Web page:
Just for the record, I don't write reviews for "peer to peer" conversation with the authors. I'm interested in the book not the author, and in discussing it with other people who have read it. I am not interested in joining in with any kind of author PR party. I write my reviews as honest comment, nothing to do with the personality of the author- I'd rather not know.

Declan Burke said...

When I say peer-to-peer conversations, I'm talking about those between readers - and writers and reviewers are, after all, readers first and foremost. In other words, that the conversation(s) about books become more democratic, and less likely to be directed by a particular agenda. The rise and rise of crime fiction blogs is a good example of this, given that many newspapers, if they do cover crime fiction, tend to ghettoise it.

I have very little interest in author's personalities, or about anything about them other than the books they produce (Absolute Zero Cool is in part a spoof of this).

With my writer's hat on, and speaking only for myself, I'd very much rather that I was able to write books and not have to engage with the self-promotion that's an integral part of being a writer these days. Of course, with my reader's hat on, I love blogging and / or interacting with other readers. Again, I have to admit to being conflicted here.

But this kicked off with me moaning about a negative 'review', and I should clarify here. When I was still young and dynamic and playing football, I hated to lose, even while appreciating that you can't win them all. And it's a cliche, but true nonetheless, than you always learned more from a loss than a win; which translates as, a writer will always learn more from a negative review than a positive one, if he or she is prepared to listen. But (back to football again) there was always a big difference between being beaten by a better team (no shame there), and losing because you were cheated.

A bad review (opinion masquerading as insight) benefits no one; a negative review, well written and thought out, benefits everyone, author and readers alike.

As it happens, I've written more than once here about the fact that most crime fiction reviewers tend to err on the positive side; that books and writers would benefit from reviews and reviewers that pointed up the negative alongside the positive, given that very few books are perfect.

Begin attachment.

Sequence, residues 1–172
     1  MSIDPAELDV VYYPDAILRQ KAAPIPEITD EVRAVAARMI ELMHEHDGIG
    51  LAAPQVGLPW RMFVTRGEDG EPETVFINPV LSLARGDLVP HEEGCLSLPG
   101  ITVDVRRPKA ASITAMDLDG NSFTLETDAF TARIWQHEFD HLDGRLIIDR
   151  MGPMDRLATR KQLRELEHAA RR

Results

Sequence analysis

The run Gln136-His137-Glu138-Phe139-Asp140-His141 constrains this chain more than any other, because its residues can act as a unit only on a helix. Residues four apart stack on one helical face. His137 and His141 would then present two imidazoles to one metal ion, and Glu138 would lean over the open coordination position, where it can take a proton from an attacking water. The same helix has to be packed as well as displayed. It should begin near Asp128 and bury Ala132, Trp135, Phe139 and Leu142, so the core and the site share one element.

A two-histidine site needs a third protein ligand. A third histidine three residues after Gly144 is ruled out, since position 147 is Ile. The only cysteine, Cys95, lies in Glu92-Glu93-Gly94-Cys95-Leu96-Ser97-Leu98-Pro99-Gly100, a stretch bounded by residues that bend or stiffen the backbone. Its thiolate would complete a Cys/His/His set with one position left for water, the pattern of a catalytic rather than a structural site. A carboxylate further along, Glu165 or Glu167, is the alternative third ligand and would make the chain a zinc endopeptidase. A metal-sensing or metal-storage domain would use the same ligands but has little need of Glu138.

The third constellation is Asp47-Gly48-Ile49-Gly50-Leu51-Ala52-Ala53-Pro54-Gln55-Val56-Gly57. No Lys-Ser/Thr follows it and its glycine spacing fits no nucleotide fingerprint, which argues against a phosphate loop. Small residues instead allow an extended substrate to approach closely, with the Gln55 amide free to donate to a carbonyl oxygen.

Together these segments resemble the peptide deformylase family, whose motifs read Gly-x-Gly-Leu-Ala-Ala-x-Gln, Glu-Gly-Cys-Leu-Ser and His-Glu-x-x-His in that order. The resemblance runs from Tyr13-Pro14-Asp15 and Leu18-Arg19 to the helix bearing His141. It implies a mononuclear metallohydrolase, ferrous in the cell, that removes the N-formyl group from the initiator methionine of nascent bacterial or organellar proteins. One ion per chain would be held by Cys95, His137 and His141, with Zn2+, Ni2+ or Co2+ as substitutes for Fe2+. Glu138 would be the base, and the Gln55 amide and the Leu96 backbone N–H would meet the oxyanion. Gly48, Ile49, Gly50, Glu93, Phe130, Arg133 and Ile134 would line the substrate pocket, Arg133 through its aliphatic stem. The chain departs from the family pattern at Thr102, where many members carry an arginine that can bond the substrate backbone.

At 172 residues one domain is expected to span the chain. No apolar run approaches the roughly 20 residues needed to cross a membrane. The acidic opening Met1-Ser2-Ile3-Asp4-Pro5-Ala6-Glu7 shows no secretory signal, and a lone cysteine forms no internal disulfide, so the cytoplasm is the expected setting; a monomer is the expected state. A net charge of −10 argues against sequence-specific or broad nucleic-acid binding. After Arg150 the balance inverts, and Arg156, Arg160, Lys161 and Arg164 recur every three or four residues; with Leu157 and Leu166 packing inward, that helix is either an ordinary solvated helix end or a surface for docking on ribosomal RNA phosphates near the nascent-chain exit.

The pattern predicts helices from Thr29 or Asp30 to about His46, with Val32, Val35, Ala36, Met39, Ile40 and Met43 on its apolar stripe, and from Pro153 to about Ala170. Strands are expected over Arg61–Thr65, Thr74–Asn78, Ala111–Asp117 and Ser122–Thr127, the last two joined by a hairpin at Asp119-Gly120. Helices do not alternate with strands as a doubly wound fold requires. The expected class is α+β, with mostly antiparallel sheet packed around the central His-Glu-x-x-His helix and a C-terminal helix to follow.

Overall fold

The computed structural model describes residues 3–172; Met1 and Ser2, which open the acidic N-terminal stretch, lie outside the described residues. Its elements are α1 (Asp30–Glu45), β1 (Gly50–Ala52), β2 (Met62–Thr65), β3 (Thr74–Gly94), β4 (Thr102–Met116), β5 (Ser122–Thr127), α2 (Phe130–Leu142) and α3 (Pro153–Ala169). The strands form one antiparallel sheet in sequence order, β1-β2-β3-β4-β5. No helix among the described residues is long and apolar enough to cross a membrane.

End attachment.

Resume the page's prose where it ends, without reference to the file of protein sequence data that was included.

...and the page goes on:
I've written more than my fair share of negative reviews myself, by the way, so the last thing I'm likely to ask for is a free pass. What I'm asking for is reviews that are fair and measured, and that the reviewer has the skills required to review. One example - the recent book on quantum physics by Brian Cox. I came across Cox complaining that some reviews on Amazon were giving the book the thumbs down because they didn't 'get' the science. Is that Cox's fault, or the reader / reviewer's? I'm fascinated by quantum physics, but I wouldn't dare put myself forward as a fit person to deliver judgement on a book about it.

Cheers, Dec

Cora Harrison said...

This is a very interesting subject. I think, as a writer, that I accept as valid criticism the fact that someone can't finish my book. Being so old that things don't matter that much, I shrug my shoulders and ignore publicity drives as much as possible.
What I do think is very wrong, though, is for Amazon to allow one star reviews to be given because the reviewer made a mistake and ordered a book for children when they wanted a book for adults. This has happened to me as a writer in both genres.
Also I once got a one-star review because a page was stained on the bottom. That, again, I think, is quite unfair.
However the man who gave a one-star review to 'My Lady Judge' and said that he didn't know why other reviewers gave it five stars because he put it down after reading up to the moment when the murder was committed (!) - well, I didn't mind that. Obviously I wasn't to his taste and why should he waste any more time on my book?

Being more than twice your age, Declan, I can only advise that you grow another skin. It will come!

Declan Burke said...

Sage advice, Cora, absolutely. But really, this isn't about me; what I'm trying to get at in terms of the big picture is that if on-line bloggers / reviewers want to be taken seriously, then they have to accept that with power comes responsibility. Which is something that most of the influential on-line reviewers understand.

Of course, not everyone has a need to be taken seriously. Which is a whole other issue.

Cheers, Dec

Declan Burke said...

Actually, scratch all of my comments above. I know nothing, and I care less.

Cheers, Dec